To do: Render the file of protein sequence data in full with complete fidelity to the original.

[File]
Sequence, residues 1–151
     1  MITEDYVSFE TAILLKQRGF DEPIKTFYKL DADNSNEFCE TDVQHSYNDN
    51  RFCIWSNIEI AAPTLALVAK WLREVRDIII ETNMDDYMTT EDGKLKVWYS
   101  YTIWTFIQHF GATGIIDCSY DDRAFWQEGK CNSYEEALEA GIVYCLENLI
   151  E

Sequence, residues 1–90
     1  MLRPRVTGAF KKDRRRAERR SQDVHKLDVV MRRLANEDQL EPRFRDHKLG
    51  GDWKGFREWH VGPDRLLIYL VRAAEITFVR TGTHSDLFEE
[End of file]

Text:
Sequence, residues 1–151
     1  MITEDYVSFE TAILLKQRGF DEPIKTFYKL DADNSNEFCE TDVQHSYNDN
    51  RFCIWSNIEI AAPTLALVAK WLREVRDIII ETNMDDYMTT EDGKLKVWYS
   101  YTIWTFIQHF GATGIIDCSY DDRAFWQEGK CNSYEEALEA GIVYCLENLI
   151  E

Sequence, residues 1–90
     1  MLRPRVTGAF KKDRRRAERR SQDVHKLDVV MRRLANEDQL EPRFRDHKLG
    51  GDWKGFREWH VGPDRLLIYL VRAAEITFVR TGTHSDLFEE